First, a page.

We ran a couple days the next week, but also gave the dogs 2 days off to recover from their first real ‘push’ for the season. Thursday night had folks gathering for the Soumi Hills run. Unfortunately, the storm clouds were also gathering. Some changes in our format for this run meant that although we were doing a series of camping trips, we were ‘staging’ each of the runs from Jamie’s yard. The first leg was planned to be 4 – 15 mile runs with 2 – 4 hour breaks between each leg. We had a good run over to our first plan campsite, settled the dogs in and got a fire roaring for dinner. About the time we were packing away our meals thunder started to sound in the distance. Jamie will run through most anything weather wise – except lightning storms which tend to be particularly fierce in this area. We discussed our options and after a 2-hour break for the dogs – headed home in a hurry.
It was kind of neat and kind of scary to be running when the storm hit. I ended up taking Snickers out of lead as a big crack of thunder made her jump nearly out of her fur. This was a job for Chester. He led us home without hesitation through thunder and hard, hard driving rain – just like I knew he would!
The next day, due to similar forecast for Saturday we opted to stay close to home and all did a 25-mile run. Since we were all home for the evening, we headed over to the Junction Bar to celebrate Ken and Jamie’s Anniversary. We left just about the time a few local girls that were feeling no pain, launched into a memorable version of the Dixie’s Chicks “Good bye Earl”.
The next morning was “Green Leader Sunday” (see previous diary entry). We also planned on making a camping trip of the run – heading 20 miles or so to the Franklin Lake cabin, resting there for a couple hours and running home. That planned was squashed when we got to the Valley River Bridge and found it under about 3 ½ feet of water from Friday night’s storm. We gathered at the bridge, debated our options and deemed there was no safe way across. So we ran back to Jamie’s and camped for 3 hours in her yard before heading out for a 17-mile run.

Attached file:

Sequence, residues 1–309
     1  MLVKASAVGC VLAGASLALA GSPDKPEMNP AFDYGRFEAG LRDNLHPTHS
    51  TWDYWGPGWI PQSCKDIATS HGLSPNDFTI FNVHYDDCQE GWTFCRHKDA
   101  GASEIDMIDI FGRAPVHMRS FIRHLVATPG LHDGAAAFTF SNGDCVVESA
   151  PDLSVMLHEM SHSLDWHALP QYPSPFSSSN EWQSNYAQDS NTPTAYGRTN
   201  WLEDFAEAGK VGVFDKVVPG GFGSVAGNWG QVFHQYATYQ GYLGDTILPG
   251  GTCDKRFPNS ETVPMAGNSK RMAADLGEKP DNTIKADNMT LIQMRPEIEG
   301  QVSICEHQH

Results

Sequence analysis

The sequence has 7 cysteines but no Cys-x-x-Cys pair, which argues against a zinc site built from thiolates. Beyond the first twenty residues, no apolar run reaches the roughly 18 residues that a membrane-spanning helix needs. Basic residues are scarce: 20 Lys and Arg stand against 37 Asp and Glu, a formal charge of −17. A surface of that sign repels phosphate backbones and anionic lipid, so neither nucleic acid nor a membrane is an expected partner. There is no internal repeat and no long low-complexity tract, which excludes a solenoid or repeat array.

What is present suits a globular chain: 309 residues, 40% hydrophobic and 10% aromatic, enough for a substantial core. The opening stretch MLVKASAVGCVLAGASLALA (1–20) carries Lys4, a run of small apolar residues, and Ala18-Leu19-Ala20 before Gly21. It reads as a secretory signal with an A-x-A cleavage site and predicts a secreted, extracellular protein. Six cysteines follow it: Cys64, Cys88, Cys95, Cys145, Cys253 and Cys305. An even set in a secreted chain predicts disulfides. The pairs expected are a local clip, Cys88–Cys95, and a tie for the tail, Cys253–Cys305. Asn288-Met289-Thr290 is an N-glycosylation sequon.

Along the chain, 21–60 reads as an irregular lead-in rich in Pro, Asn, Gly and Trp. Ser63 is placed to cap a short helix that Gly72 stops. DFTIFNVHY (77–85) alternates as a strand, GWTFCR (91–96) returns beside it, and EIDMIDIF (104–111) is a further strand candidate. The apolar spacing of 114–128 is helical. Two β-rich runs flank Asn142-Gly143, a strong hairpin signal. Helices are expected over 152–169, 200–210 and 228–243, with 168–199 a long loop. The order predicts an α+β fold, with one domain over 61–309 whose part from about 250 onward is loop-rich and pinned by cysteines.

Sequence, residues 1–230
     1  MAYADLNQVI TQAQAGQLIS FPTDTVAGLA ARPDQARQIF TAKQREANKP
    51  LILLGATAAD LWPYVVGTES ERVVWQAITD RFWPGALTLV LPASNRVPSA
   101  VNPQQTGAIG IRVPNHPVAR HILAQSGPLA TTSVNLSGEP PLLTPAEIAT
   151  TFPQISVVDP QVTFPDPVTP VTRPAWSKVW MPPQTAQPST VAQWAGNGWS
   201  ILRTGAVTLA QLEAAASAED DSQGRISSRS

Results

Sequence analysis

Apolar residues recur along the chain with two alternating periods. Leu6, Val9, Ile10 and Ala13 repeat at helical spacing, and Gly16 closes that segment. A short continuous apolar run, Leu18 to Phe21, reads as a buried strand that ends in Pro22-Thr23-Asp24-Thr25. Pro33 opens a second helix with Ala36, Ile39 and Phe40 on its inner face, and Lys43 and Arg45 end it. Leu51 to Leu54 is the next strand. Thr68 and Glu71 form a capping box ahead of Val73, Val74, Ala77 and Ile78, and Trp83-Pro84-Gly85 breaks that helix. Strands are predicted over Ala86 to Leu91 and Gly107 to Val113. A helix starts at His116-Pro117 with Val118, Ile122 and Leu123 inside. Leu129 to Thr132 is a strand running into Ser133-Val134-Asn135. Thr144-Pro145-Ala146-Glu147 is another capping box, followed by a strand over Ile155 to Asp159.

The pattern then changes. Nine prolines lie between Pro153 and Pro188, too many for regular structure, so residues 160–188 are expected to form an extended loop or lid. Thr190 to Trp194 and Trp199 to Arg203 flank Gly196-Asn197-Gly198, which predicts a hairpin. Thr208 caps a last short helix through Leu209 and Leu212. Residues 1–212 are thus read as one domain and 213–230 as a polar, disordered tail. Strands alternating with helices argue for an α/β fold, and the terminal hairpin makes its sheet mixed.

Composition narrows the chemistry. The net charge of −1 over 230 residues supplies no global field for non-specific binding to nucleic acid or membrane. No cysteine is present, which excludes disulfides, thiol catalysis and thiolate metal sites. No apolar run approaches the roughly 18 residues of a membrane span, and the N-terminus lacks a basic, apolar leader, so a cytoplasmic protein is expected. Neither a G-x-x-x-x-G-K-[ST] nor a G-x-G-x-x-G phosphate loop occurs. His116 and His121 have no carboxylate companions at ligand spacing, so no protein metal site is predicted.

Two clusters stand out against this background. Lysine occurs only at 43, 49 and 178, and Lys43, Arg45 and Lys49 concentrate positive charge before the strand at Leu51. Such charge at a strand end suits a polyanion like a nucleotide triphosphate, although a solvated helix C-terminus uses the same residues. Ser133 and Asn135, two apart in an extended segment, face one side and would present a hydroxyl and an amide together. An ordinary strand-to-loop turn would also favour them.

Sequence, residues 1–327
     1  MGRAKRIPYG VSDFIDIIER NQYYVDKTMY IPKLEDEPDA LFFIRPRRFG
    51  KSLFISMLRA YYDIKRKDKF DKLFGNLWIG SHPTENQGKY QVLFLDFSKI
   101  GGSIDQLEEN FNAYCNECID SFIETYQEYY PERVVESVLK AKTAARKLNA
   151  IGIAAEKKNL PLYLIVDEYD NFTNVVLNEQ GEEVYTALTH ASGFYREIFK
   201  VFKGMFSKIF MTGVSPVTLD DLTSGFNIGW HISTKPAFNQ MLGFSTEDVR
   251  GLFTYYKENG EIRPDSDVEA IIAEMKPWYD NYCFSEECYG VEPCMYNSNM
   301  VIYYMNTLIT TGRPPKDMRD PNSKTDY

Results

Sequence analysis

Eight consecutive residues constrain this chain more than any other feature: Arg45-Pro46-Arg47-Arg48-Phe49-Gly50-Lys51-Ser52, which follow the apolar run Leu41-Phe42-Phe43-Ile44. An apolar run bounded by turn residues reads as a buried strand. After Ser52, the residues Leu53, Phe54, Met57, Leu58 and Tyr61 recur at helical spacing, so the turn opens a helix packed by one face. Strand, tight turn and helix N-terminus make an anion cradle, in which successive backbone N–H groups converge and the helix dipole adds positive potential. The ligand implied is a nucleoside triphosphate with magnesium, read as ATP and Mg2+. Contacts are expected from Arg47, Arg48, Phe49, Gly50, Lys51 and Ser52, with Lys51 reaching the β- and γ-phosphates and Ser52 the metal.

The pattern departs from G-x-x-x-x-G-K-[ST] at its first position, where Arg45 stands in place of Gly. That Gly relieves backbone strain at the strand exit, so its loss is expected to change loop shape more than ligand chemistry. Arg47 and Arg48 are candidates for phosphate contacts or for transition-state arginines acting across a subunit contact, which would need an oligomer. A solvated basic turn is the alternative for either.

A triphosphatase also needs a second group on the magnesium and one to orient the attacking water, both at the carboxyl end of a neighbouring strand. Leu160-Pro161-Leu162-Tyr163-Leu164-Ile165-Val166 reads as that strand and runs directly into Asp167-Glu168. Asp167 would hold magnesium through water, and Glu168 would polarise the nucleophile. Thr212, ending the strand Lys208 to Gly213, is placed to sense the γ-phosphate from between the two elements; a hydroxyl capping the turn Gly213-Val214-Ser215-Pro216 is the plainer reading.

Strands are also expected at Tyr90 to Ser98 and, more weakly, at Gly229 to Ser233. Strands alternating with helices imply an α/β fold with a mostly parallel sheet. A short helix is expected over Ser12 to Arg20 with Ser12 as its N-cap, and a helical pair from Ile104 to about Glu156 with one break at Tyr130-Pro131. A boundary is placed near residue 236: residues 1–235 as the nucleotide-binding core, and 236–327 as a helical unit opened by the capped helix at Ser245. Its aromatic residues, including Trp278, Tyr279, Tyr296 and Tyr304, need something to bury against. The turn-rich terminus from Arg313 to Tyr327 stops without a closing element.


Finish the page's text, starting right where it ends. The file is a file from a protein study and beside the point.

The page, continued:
The next morning we rounded the weekend off with a 15-mile group run. It was a weekend filled with running dogs, good food, and good company. Who could ask for more?
Jamie and I rounded the week off with a few more runs, including a very memorable 14 mile exploring trip done by her, myself, Liz and Rebecca Chapman. It was a rough introduction to lead for young JR, who slogged through mud, crashed through bush and waded through swamp for miles and miles. He did great though, I was so pleased. I do owe big thanks to Rebecca Chapman for coming back through a ½ mile of nasty swamp to help me extract my ATV from a nasty mud hole. Up to almost our waists in cold, disgusting swamp water, we pushed and pulled along with the dogs and managed to extract the machine. I moved my team ahead to a little higher spot and the two of us slogged back – stumbling, splashing and laughing - a few hundred yards to help Liz get her machine out of the sucking mud. Just has we freed her, Jamie appeared “What’s the problem?”, she asked, as she had scooted through the swamp luckily missing all of the major holes. I threatened to hold her underwater to help her see the problem more clearly. She wisely stayed out of my reach as we made our way back to our teams.
Liz left on Thursday and that now brings us to today – Saturday. I will be packing up this morning and hitting the road by noon. I’ll spend the night with Nancy and Roger Johnson in Devil’s Lake, ND and be home by midnight or so Sunday night. Tired, but filled with great memories and a much better team then I had 3 weeks ago.